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Professor Magellan (London, United Kingdom)

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Mondaine Mon CubeWecker A996.ALIG,20SBB Analog Alarm Clock Black
Mondaine Mon CubeWecker A996.ALIG,20SBB Analog Alarm Clock Black
Price: £108.95

4.0 out of 5 stars GOOD LOOKING BUT SOME DESIGN FAULTS AND DODGY LIGHT, 27 Aug. 2015
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Very nice looking and solid though the on/off alarm with is fiddly and I have not been able to make the light work on any of the three clocks which I have bought. Very clear face and second hand.

Expensive but since Braun alarm clocks have collapsed in quality not much choice at the upper end of the scale.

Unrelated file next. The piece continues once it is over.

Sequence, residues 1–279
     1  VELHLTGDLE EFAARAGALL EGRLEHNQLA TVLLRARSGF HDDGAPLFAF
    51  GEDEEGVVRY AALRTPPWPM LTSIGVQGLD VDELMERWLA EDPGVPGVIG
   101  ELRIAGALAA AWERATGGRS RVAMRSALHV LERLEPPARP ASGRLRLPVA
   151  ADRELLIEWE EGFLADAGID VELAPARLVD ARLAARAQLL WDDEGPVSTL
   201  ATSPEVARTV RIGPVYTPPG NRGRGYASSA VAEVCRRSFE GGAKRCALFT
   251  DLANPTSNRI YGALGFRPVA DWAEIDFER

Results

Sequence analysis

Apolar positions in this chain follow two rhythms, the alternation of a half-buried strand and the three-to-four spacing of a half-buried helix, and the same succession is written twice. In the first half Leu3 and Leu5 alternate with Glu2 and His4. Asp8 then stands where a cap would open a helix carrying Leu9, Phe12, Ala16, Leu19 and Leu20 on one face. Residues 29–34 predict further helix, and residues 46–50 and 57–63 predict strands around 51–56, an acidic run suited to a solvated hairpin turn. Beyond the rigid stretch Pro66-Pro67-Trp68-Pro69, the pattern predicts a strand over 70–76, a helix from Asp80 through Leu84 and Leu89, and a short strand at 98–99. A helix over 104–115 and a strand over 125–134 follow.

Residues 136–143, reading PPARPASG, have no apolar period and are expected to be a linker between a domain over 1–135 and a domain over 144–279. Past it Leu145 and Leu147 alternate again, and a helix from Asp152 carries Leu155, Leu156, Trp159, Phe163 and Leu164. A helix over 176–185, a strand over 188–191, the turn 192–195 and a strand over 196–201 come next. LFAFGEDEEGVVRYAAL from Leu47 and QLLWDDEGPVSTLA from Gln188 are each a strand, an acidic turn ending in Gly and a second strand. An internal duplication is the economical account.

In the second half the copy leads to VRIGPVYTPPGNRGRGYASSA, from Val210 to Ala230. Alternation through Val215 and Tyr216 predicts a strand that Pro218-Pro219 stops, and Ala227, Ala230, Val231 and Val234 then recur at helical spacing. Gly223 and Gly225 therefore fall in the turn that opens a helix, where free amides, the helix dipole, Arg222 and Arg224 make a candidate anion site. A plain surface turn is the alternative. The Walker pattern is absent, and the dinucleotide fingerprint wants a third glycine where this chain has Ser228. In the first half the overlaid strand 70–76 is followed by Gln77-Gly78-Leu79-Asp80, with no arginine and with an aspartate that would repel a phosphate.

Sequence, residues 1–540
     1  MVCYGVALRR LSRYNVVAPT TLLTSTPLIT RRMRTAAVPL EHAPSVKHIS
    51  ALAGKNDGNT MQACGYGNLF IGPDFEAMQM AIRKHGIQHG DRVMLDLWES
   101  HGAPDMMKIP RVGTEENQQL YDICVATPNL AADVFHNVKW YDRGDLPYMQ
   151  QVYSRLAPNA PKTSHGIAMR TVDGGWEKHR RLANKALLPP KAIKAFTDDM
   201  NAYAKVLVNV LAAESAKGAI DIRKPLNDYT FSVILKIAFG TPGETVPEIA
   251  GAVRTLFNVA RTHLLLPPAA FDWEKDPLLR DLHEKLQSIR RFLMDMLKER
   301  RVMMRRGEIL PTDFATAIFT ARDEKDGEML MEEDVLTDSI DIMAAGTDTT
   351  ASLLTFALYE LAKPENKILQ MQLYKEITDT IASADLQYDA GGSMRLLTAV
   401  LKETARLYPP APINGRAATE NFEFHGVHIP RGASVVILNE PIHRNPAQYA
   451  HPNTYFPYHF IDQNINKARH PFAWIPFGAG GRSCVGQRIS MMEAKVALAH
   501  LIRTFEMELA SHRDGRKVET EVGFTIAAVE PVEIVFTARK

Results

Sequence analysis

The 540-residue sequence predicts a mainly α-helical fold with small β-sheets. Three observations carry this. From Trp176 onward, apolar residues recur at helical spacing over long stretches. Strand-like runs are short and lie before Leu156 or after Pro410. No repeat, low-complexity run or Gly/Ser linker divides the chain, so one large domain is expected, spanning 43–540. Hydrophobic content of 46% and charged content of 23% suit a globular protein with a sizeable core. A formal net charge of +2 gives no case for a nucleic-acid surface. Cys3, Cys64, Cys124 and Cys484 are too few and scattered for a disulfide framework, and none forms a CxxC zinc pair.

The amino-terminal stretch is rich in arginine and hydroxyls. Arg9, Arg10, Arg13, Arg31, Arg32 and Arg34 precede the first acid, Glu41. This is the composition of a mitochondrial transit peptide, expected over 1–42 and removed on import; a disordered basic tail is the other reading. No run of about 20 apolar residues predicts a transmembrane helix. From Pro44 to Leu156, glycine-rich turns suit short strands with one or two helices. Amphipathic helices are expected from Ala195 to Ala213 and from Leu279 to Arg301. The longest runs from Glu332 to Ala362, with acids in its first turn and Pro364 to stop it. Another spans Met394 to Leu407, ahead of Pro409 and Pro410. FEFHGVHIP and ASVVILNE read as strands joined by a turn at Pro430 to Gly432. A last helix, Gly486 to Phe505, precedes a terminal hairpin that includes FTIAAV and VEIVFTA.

Braun Quartz Classic BNC005BKBK Travel Alarm Black
Braun Quartz Classic BNC005BKBK Travel Alarm Black
Price: £28.65

1.0 out of 5 stars NOT the Braun travel clock that was once solid and reliable., 8 Sept. 2014
I bought mine as a replacement for one bought at leads 20 years ago. It seemed to be entirely faulty (it never told the correct time) so I sent it off (at my own expense) to their repair centre who pronounced nothing wrong with it and sent it back to me. At that stage, I gave up and bought a cheap Casio clock. This is not the Braun clock of yesteryear and management should be ashamed of their poor quality standards. And Braun continues to charge a premium price. Where are these clocks made I wonder?


Inside Trader
Inside Trader
by Trader Faulkner
Edition: Hardcover
Price: £20.00

1 of 1 people found the following review helpful
5.0 out of 5 stars A highly readable, amusing and moving actor's memoir., 21 Mar. 2013
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This review is from: Inside Trader (Hardcover)